Paris| Jagran News Desk: OECD on Wednesday has declared the Omicron coronavirus variant as a possible threat to the economy as it may intensify imbalances that are slowing growth and boosting inflation and delaying the world economy’s return to normality.
The main risk to an otherwise upbeat global economic outlook is that the current inflation spike proves longer and rises further than currently expected, the OECD said on Wednesday.
Global growth is set to hit 5.6% this year before moderating to 4.5% in 2022 and 3.2% in 2023, the Organisation for Economic Cooperation and Development said in its latest economic outlook.
The Paris-based international organization of largely rich country members warned that monetary policymakers should be 'alerted' while drafting any new policy.
That was little changed from a previous forecast of 5.7% for 2021, while the forecast for 2022 was unchanged. The OECD did not produce estimates for 2023 until now.
With the global economy rebounding strongly, companies are struggling to meet a post-pandemic snap-back in customer demand, causing inflation to shoot up worldwide as bottlenecks have emerged in global supply chains.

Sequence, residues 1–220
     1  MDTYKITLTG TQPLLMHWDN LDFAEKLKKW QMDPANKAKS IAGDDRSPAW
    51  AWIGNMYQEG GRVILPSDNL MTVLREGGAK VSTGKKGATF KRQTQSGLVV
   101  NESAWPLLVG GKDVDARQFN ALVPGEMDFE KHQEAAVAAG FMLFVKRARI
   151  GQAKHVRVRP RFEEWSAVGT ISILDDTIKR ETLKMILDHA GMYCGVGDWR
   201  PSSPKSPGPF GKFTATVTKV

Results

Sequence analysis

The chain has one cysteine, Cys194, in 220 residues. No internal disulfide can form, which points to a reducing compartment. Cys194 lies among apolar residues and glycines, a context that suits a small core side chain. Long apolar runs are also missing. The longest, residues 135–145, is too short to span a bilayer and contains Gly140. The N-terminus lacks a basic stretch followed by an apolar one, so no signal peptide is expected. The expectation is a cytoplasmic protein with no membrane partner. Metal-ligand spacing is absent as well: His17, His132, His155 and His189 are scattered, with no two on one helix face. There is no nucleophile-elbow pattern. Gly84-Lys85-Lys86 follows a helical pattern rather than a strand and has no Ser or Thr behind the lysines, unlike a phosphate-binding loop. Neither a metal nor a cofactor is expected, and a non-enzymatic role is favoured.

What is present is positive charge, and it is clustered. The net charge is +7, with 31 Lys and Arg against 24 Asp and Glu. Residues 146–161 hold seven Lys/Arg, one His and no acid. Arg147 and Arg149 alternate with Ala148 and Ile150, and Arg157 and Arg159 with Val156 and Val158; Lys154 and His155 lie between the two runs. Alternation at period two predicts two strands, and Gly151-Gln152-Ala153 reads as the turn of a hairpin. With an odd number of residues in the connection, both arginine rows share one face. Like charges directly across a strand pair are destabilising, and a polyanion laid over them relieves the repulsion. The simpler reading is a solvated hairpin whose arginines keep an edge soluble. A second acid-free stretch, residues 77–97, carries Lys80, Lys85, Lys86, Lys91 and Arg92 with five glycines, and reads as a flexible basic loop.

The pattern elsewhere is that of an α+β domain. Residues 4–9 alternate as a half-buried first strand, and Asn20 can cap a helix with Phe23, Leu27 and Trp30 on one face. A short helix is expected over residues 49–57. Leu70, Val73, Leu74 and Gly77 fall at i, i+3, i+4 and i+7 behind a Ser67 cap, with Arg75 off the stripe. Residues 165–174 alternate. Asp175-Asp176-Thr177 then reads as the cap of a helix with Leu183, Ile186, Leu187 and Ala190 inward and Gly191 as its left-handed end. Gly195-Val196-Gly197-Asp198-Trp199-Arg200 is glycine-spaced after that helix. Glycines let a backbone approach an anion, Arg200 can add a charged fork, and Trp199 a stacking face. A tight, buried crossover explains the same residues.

Like most policymakers, the OECD said that the spike was expected to be transitory and fade as demand and production returned to normal." The main risk, however, is that inflation continues to surprise on the upside, forcing the major central banks to tighten monetary policy earlier and to a greater extent than projected," the OECD said.
Provided that that risk did not materialize, inflation in the OECD as a whole was likely close to peaking at nearly 5% and would gradually pull back to about 3% by 2023, the Paris-based organization said.
Against that backdrop, the best thing central banks can do for now is wait for supply tensions to ease and signal they will act if necessary, the OECD said.
Federal Reserve Chair Jerome Powell said on Tuesday that theU.S. central bank should consider winding down of its large-scale bond purchases faster amid a strong economy and expectations that a surge in inflation will persist into the middle of next year.
In the United States, the OECD forecast the world's biggest economy would grow 5.6% this year, 3.7% in 2022, and 2.4% in2023, down from previous projections of 6.0% in 2021 and 3.9% in2022.
The outlook for China was also less optimistic, with a growth forecast at 8.1% in 2021 and 5.1% in both 2022 and 2023 whereas previously the OECD had expected 8.5% in 2021 and 5.8% in 2022.
However, the outlook was slightly more upbeat for the eurozone than previously expected with growth expected at 5.2% in2021, 4.3% in 2022, and 2.5% in 2023 compared with previous forecasts of 5.3% in 2021 and 4.6% 2022.
(With PTI Inputs)
Posted By: Ashita Singh